So far about the election in Sweden – and about what lessons Fredrik Reinfeldt can draw from the story of John Lyng. So what lessons can today's Norwegian politicians draw from the election result in Sweden? The spontaneous reaction in Oslo was understandable cheers in the Conservatives. The headache in the Conservative House the next few days was how to achieve something similar yourself. The right can not only follow in Reinfeldt's footsteps towards the center, since one then turns one's back on the party that does not exist in Sweden, but which is clearly the largest on the right in Norway. Every ymt party leadership in the Conservative Party gives up on cooperation with FrP, leads to strained cough attacks from resourceful core groups within their own party ranks. And every small step the Conservatives take towards the FrP causes the center parties, in instinctive fear, to deviate at least one equally long step away. Illustratively enough, it took a few hours after the Conservatives' cheers, before far more serious faces from the Liberal Party and KrF repeated their firm no to a bourgeois gathering so broad that there is also room for FrP there. The contrast to Reinfeldt's success in uniting all the bourgeois parties, also becomes noticeable when the Conservatives are still struggling to find a leader who can unite their own party. And thus the great dilemma of the Conservatives and the center parties in Norway was not solved by the election result in Sweden, only better made visible.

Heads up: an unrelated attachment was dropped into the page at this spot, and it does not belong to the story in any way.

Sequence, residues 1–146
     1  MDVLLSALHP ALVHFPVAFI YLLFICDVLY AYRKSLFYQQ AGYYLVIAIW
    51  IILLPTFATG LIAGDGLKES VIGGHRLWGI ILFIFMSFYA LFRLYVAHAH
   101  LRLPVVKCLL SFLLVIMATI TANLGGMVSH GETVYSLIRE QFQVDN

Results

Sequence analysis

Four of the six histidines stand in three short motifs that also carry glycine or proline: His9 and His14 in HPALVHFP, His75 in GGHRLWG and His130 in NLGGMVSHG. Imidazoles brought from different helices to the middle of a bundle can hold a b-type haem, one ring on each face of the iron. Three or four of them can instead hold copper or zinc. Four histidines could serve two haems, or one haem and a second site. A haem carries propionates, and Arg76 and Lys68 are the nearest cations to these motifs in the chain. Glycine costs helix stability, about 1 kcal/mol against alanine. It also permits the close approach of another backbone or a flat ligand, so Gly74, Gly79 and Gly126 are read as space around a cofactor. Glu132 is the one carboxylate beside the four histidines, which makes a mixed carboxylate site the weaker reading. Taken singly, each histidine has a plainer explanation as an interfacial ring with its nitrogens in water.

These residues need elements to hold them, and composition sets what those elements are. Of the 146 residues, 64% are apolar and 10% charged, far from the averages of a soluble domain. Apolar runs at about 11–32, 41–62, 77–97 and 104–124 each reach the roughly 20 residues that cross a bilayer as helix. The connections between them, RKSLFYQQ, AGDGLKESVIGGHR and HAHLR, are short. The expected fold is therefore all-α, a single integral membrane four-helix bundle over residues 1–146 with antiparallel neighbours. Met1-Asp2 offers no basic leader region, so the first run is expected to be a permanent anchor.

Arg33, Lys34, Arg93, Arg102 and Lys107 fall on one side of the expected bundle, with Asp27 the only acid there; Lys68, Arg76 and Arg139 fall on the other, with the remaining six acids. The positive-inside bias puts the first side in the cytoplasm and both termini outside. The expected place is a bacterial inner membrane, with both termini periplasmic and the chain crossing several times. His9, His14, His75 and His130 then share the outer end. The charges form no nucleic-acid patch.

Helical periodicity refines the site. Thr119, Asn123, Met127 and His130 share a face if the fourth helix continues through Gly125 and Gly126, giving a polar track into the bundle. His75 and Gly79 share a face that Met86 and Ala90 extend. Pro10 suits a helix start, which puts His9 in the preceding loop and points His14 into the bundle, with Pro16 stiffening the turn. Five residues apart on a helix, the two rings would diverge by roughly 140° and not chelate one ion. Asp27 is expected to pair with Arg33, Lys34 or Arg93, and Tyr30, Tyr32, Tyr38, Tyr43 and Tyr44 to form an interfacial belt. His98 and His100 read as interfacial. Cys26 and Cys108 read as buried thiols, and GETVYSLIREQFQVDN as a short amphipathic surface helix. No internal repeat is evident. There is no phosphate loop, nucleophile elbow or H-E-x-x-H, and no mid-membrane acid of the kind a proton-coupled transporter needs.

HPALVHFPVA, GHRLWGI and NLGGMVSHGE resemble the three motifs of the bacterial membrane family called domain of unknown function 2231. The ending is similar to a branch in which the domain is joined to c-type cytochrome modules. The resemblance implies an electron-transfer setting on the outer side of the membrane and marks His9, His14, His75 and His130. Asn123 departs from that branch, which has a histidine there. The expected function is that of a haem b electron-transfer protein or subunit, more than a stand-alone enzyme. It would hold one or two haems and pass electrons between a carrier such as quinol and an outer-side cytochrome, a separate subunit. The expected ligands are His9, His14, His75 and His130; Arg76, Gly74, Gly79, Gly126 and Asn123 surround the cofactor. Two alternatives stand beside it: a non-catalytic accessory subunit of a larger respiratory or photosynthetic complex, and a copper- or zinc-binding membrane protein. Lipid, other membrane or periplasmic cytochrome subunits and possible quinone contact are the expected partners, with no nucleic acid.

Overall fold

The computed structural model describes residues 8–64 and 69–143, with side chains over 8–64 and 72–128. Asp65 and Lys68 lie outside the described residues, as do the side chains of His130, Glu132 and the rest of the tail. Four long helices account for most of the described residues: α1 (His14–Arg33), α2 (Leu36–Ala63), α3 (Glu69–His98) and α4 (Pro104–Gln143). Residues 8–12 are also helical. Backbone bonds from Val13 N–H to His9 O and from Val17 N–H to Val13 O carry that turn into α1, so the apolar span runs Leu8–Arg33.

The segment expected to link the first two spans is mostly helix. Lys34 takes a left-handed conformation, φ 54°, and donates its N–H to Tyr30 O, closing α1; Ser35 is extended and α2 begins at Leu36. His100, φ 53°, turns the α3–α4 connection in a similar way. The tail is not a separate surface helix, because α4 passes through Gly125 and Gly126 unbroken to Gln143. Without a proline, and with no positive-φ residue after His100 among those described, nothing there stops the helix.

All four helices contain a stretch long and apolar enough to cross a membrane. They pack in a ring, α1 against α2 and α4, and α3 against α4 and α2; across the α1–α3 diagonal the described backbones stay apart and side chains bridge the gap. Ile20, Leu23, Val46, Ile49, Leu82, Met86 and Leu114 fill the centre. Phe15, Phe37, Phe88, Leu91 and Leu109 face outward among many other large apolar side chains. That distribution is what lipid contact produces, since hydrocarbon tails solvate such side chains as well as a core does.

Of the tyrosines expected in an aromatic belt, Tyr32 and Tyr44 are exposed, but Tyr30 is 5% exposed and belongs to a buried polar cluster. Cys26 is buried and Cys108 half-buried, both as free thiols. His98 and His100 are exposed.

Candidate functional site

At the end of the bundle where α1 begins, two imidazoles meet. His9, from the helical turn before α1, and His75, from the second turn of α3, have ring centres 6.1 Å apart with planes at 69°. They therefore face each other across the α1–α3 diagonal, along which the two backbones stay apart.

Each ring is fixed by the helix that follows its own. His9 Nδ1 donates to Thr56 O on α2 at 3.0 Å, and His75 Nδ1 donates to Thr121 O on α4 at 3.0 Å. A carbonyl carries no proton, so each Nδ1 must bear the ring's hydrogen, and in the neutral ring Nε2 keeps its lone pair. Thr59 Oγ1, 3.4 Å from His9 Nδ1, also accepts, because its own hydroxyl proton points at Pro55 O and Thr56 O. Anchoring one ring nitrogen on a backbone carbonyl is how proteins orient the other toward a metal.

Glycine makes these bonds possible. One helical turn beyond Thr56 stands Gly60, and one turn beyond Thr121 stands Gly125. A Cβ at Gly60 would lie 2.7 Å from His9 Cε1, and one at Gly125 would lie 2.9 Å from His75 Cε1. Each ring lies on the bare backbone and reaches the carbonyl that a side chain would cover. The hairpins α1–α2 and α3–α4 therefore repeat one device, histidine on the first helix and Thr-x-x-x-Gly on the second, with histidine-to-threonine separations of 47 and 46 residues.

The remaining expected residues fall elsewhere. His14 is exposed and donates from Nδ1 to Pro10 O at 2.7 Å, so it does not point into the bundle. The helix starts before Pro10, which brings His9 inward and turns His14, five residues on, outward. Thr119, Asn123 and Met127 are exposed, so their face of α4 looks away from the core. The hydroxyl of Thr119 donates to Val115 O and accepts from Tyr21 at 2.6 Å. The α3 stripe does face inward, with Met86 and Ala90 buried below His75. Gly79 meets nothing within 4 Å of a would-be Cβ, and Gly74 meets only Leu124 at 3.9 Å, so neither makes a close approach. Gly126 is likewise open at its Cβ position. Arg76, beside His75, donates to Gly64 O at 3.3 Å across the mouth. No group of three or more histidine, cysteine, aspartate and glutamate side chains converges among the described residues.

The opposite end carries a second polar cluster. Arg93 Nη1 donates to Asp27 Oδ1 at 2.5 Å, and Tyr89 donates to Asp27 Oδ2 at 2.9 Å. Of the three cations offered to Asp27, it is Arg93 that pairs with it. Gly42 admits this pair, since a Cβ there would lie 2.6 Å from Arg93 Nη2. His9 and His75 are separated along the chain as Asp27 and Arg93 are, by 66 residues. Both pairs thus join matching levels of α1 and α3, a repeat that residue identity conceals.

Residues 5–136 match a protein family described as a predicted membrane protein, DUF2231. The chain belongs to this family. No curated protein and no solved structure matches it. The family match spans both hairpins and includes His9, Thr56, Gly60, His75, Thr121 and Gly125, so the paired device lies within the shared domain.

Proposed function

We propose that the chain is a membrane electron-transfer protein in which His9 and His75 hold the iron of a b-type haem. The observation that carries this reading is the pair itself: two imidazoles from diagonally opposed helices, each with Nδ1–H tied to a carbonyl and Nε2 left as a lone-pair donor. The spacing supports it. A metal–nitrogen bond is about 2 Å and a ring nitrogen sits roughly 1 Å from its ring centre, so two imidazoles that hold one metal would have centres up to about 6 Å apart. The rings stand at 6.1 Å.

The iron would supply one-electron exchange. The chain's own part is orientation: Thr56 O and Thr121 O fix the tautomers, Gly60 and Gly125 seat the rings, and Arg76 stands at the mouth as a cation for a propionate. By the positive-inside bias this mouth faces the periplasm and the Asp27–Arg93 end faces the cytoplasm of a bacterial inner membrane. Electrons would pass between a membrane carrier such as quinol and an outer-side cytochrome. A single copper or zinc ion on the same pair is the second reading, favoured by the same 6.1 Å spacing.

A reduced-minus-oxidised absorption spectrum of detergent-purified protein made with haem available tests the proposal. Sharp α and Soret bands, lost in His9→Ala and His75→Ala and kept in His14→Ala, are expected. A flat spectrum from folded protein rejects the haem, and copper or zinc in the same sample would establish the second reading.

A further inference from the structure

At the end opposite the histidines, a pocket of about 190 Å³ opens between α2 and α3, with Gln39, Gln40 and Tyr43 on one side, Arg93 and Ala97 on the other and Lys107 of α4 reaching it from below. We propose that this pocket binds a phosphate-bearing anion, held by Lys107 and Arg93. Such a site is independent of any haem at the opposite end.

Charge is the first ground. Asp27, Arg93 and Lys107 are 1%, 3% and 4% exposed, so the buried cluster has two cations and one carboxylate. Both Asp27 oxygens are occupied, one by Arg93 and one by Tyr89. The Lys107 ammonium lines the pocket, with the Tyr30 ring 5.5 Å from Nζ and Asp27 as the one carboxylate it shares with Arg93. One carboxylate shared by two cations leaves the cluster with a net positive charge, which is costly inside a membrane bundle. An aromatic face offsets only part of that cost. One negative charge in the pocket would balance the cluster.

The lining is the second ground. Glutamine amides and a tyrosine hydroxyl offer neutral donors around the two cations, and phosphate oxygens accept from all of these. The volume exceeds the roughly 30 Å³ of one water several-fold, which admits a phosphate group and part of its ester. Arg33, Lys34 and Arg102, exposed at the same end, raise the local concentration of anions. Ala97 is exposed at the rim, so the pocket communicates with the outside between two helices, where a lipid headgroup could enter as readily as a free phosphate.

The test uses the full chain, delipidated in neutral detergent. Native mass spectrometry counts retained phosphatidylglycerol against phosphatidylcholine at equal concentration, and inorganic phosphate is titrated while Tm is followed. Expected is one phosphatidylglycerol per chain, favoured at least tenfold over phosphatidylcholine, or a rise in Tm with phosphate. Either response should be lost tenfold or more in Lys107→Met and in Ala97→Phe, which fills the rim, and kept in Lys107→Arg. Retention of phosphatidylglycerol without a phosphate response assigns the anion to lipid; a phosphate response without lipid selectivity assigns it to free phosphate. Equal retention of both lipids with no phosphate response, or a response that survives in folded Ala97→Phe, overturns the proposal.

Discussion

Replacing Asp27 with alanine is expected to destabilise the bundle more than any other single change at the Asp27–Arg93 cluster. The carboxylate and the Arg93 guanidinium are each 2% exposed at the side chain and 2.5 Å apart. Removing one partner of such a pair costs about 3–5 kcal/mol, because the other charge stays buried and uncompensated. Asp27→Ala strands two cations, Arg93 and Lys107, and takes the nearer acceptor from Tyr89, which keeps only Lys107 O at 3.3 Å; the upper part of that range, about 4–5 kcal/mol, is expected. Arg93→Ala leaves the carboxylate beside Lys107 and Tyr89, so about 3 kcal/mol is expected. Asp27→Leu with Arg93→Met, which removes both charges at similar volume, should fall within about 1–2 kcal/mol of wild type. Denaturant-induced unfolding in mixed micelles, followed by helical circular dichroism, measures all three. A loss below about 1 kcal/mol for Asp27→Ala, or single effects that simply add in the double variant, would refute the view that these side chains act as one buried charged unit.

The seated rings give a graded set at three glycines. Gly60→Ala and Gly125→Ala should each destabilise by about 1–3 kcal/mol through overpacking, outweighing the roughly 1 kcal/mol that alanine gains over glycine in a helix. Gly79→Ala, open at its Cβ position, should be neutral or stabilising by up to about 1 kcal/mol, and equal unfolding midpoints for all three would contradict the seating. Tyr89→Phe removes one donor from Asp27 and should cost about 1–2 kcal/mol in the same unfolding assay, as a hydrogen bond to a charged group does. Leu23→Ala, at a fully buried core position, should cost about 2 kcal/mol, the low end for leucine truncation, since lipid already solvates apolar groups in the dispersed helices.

Most paradoxically, the party leadership of the AP and SV, for their part, can breathe a sigh of relief at the result that cost the sister parties power in Sweden. A clear minus is true enough for Stoltenberg's government, that in Scandinavian co – operation it now comes in the minority against two bourgeois governments. This can have concrete consequences, among other things, in relation to the ownership of jointly owned SAS. But the total failure of Persson's attempt to continue driving alone in the middle of the road makes it an obvious success that Stoltenberg, as the locomotive driver for a united left in Norway, regained government power. And this especially since he at the same time abruptly sniffed his own party's ever-declining voter support. Internal critics in the AP keep a low profile in accordance with the party tradition, but they are found both outside the party apparatus and within the Storting's presidency. The internal critics who can still be thought of firing for a one-party government did not get the ammunition they could have received if the sister party in Sweden had kept all the ministerial posts. Also for the far louder government critics on SV's left wing, the election result was an ice-cold shower. For SV's Swedish sister party, the Left Party went to the polls on an independent left-wing radical profile, after electing a declared communist as party leader. And effectively scared away hundreds of thousands of voters: As a five percent party, the Left Party now has less than half the support it won on a less challenging and more cooperative program in 1998 – and less influence than almost ever in the post-war period. The internal pressure on Minister of Finance and party leader Kristin Halvorsen thus does not increase further, as it would have done if the sister party in Sweden had had an increased influx behind its new and cleaner red flags.